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360 Impact of treatment modality on survival of figo stage IIB cervical cancer: a propensity-score matching analysis based on impact of treatment modality on survival of figo stage iib cervical cancer: a propensity-score matching analysis based on surveillance, epidemiology, and end results database
  1. Hua Tu1,
  2. Guochen Liu2,
  3. Haifeng Gu1,
  4. Zhimin Liu1,
  5. Bingna Xian,
  6. Jieping Chen1 and
  7. Liu Jihong1
  1. 1Sun Yat-Sen University Cancer Center
  2. 2Sun Yat-Sen University Cancer Center; Department of Gynecologic Oncology


Introduction/Background Concurrent chemoradiotherapy is the standard of care for FIGO stage IIB cervical cancer. However, there remains a role of surgical treatment in these patients. The aim of this study was to investigate the impact of treatment modality on survival of patients with stage IIB cervical cancer.

Methodology Patients with stage IIB cervical cancer registered in the Surveillance, Epidemiology, and End Results database between 1988 and 2015 were identified and grouped according to their treatment modalities. For patients identified as surgical group, only those receiving both hysterectomy and chemotherapy were included. For patients identified as non-surgical group, only those receiving both beam radiation and chemotherapy were included. A 1:1 propensity score matching (PSM) were performed to adjust the baseline characteristics.

Results A total of 4718 eligible patients were identified, of whom 902 were in the surgical and 3816 in the non-surgical group. Patients undergoing surgery were younger and were more likely to be married, non-Black race, non-squamous cell carcinoma, N1 stage, and have medical insurance, small tumor compared to those receiving non-surgical treatment (P=0.037 for insurance; P<0.001 for all of others). Before PSM, the surgical group showed significantly improved overall survival (OS) compared with the non-surgical group (P=0.005), while the difference in cancer-specific survival (CSS) only approached significance (P=0.084). After PSM, both the differences in OS and CSS between the two groups reached significance (P<0.001, both). In multivariate analysis, the treatment modality was found to be an independent factor for both CSS (hazard ratio [HR]=1.276, 95% confidence interval [CI] 1.084–1.502, P=0.003) and OS (HR=1.312, 95%CI 1.129–1.524, P<0.001). Other independent factors for both OS and CSS included histological type, tumor size and N-stage. Age was an independent factor for OS but not CSS. Subgroup analysis revealed that patients receiving radiotherapy prior to surgery had significantly improved CSS compared with those treated by other modalities (P<0.001), and that the omission of brachytherapy in non-surgical treatment was associated with significantly decreased CSS (P<0.001). Furthermore, for patients with squamous-cell histology, surgical and non-surgical treatments provided similar CSS (P=0.123). However, for patients with non-squamous-cell histology, surgical treatments provided significantly improved CSS compared with non-surgical (P=0.002).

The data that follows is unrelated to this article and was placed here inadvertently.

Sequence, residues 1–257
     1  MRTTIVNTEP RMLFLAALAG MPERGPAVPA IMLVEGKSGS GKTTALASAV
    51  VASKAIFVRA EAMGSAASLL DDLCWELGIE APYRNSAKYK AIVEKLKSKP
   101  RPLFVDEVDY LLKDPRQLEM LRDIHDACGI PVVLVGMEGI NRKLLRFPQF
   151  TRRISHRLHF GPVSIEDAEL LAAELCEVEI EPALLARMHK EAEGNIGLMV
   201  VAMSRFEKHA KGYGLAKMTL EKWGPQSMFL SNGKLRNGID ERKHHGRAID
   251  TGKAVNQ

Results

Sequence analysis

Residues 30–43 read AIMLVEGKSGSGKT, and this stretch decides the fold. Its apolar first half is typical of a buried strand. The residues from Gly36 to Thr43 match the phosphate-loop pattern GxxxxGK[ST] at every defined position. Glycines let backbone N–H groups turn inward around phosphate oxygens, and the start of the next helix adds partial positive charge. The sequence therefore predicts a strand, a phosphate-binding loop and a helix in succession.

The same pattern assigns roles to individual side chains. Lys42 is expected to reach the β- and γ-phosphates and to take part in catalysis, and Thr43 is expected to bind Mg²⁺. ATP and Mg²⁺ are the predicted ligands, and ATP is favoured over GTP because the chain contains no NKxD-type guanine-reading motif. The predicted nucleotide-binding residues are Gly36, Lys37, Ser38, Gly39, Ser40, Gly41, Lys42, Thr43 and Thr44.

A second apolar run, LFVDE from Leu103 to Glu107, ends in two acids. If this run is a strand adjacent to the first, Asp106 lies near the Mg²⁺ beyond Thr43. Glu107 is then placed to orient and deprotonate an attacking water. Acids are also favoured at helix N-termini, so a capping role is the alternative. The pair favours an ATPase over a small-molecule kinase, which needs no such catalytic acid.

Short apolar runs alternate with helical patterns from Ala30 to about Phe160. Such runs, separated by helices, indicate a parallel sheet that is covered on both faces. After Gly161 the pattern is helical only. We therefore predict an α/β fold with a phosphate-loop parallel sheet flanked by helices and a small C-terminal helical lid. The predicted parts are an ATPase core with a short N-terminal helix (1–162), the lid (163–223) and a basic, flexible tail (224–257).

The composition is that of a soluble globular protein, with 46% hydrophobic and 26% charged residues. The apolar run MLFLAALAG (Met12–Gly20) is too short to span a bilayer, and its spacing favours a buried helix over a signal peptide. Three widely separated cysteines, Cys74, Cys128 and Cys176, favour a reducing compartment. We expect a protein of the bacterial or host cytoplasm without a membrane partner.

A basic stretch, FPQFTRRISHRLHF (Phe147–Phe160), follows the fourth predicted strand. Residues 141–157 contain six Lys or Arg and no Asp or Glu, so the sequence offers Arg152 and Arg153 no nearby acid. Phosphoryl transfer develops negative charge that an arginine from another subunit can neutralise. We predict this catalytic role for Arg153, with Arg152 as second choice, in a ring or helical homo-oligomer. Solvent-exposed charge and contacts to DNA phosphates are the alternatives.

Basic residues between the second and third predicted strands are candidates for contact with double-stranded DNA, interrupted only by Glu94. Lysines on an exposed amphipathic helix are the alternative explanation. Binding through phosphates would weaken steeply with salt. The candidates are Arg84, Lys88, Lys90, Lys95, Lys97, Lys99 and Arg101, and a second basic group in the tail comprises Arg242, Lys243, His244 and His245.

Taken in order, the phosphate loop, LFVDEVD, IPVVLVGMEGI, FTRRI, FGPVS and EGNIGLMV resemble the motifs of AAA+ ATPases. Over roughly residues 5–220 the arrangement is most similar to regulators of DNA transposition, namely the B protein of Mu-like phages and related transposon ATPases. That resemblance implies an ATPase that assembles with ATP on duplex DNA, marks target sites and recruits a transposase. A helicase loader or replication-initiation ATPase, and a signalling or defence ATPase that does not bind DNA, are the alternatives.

Conclusion The treatment modality has significant impact on survival of patients with stage IIB cervical cancer. Surgical treatment should be preferentially considered in patients with non-squamous-cell histology. Chemoradiotherapy with completion surgery may be the most effective treatment. However, when non-surgical treatment was selected, the omission of brachytherapy should be avoided.

Disclosures The authors declare that they have no competing interests.

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